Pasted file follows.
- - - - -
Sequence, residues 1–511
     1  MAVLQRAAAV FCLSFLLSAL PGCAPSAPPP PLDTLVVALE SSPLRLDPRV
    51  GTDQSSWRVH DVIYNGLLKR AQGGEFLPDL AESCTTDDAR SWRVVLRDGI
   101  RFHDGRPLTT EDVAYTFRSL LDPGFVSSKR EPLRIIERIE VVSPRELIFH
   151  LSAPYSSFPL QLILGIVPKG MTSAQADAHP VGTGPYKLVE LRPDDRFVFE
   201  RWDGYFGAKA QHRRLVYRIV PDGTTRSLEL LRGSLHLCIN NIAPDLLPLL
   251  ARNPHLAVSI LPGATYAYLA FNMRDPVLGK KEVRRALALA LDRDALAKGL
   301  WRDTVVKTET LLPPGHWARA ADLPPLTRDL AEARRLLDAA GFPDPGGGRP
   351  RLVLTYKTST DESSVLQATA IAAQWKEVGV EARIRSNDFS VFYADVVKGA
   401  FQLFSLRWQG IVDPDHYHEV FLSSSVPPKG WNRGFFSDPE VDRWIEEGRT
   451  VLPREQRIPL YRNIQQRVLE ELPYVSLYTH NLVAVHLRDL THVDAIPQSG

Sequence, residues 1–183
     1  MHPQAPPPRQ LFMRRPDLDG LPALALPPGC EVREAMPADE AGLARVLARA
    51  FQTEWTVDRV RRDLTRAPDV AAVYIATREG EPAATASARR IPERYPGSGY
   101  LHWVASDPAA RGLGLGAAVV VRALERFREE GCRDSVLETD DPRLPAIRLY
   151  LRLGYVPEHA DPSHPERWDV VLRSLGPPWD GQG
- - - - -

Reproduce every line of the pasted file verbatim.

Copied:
Sequence, residues 1–511
     1  MAVLQRAAAV FCLSFLLSAL PGCAPSAPPP PLDTLVVALE SSPLRLDPRV
    51  GTDQSSWRVH DVIYNGLLKR AQGGEFLPDL AESCTTDDAR SWRVVLRDGI
   101  RFHDGRPLTT EDVAYTFRSL LDPGFVSSKR EPLRIIERIE VVSPRELIFH
   151  LSAPYSSFPL QLILGIVPKG MTSAQADAHP VGTGPYKLVE LRPDDRFVFE
   201  RWDGYFGAKA QHRRLVYRIV PDGTTRSLEL LRGSLHLCIN NIAPDLLPLL
   251  ARNPHLAVSI LPGATYAYLA FNMRDPVLGK KEVRRALALA LDRDALAKGL
   301  WRDTVVKTET LLPPGHWARA ADLPPLTRDL AEARRLLDAA GFPDPGGGRP
   351  RLVLTYKTST DESSVLQATA IAAQWKEVGV EARIRSNDFS VFYADVVKGA
   401  FQLFSLRWQG IVDPDHYHEV FLSSSVPPKG WNRGFFSDPE VDRWIEEGRT
   451  VLPREQRIPL YRNIQQRVLE ELPYVSLYTH NLVAVHLRDL THVDAIPQSG

Sequence, residues 1–183
     1  MHPQAPPPRQ LFMRRPDLDG LPALALPPGC EVREAMPADE AGLARVLARA
    51  FQTEWTVDRV RRDLTRAPDV AAVYIATREG EPAATASARR IPERYPGSGY
   101  LHWVASDPAA RGLGLGAAVV VRALERFREE GCRDSVLETD DPRLPAIRLY
   151  LRLGYVPEHA DPSHPERWDV VLRSLGPPWD GQG